Digital Legislation Evaluate Symposium Focuses on Stopping Human Trafficking – Georgia State College Information

The Georgia State College of Law hosted its 25th Annual Law Review Symposium, “Prioritizing Trafficking Prevention: Research, Innovation, and Advocacy,” on October 23.

The virtual symposium brought together many of the country’s leading authorities on human trafficking. The speakers, which included experts in the legal, medical, social science, technological and private sector aspects of the topic, aimed to identify strategies to prevent the harm from human trafficking.

Susan Coppedge, keynote speaker and former Ambassador for Monitoring and Combating Trafficking in Human Beings, opened the symposium by emphasizing that prosecuting perpetrators and protecting survivors should be the top priority of prevention.

“We recognize that it is better to prevent this crime altogether, and more efforts must be made to address the root causes of trafficking and the security breaches,” she said. “These vulnerabilities can be economic instability, housing and food insecurity, lack of legal status in the country, inequality between gender and ethnic groups, lack of educational opportunities and sexual orientation, to name a few.”

After the keynote address, the first panel focused on advocacy and underlined the importance of connecting research and advocacy. Panellists included DeKalb County Juvenile Justice Judge Fatima El-Amin, Dorsey Jones of YouthSpark and Meg Taylor, attorney for Delta Airlines. Moderated by Cheryl Naja of the Georgia Asylum and Immigration Network, the panel provided key insights from both public and private sector stakeholders while emphasizing the importance of survivors’ perspectives.

Professor Jonathan Todres

The second panel of the symposium looked at the importance of evidence-based research in developing responses to human trafficking. Professor Kathleen Kim of Loyola Law School in Los Angeles identified critical structural problems that have been overlooked to the detriment of advances in human trafficking. Hannah Britton, professor at the University of Kansas highlighted the essential role of social sciences in developing policy responses, and Samuel Jones, professor at UIC John Marshall Law School in Chicago, highlighted how research can help underserved populations like Boys to see.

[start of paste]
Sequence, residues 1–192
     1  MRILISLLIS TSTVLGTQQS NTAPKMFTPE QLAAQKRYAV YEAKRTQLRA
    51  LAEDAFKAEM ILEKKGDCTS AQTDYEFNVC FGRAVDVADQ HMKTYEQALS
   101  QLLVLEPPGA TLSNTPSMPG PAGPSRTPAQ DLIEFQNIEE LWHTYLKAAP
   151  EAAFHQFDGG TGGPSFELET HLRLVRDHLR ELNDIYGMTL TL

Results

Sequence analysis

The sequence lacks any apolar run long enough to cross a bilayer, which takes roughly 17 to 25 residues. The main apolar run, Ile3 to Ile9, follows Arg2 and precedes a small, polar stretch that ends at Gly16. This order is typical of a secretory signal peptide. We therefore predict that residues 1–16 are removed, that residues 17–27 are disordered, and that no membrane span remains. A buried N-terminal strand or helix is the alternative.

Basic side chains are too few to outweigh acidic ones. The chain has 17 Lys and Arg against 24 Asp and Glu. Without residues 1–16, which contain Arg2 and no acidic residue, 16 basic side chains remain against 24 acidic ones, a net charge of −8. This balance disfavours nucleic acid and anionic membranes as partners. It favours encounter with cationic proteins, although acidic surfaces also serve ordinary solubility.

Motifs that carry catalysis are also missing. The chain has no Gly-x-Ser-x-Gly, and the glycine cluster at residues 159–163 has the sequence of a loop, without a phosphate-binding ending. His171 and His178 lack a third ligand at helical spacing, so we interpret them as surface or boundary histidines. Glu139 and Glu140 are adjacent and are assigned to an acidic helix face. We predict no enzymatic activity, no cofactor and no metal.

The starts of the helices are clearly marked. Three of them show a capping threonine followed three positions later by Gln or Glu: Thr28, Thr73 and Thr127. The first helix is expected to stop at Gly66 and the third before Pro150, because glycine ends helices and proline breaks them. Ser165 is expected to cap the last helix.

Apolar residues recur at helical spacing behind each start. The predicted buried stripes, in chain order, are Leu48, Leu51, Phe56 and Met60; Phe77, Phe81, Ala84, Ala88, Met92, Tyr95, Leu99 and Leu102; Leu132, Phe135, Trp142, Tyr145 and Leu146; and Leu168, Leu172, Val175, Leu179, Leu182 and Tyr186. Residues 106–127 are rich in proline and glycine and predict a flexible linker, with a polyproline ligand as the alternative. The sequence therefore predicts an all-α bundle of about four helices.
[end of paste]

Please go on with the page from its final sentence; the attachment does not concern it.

The closing panel of the symposium consisted of Professor Janie Chuang of the American University’s Washington College of Law, Dr. Kimberly Chang of Asian Health Services in Oakland, California, Dr. Kirsten Foot from the University of Washington and Dr. Jennifer Musto from Wellesley College. Panelists examined innovative strategies in international law, health care, journalism and technology, and emphasized the need to focus vulnerable populations, use traumatized practices and ensure that interventions do no harm.

Jonathan Todres, Professor at Georgia State Law Distinguished University and Professor of Law, moderated the second and third panels and gave the closing remarks of the symposium.

“The symposium provided a rare opportunity to bring together thought leaders from a wide range of disciplines to develop strategies on how we can actually prevent the harm from human trafficking,” said Todres. “The ideas and insights shared by today’s speakers have the potential to have a really significant impact on anti-trafficking efforts.”

The symposium, postponed due to COVID-19, was approved by both the editors of last year’s Law Review Symposium, Michael Foo and Taylor Lin, and the current editors of the Law Review Symposium, Rebecca Hu and Ellen Min , organized with the support of Todres.

“We are both incredibly pleased with how the symposium went, especially because individuals from across the nation were able to attend a virtual event,” said Hu and Min. “We thank all of our speakers and everyone who helped us make the virtual symposium a reality to be let. “

Read the Symposium Edition of the Georgia State Law Review to learn more.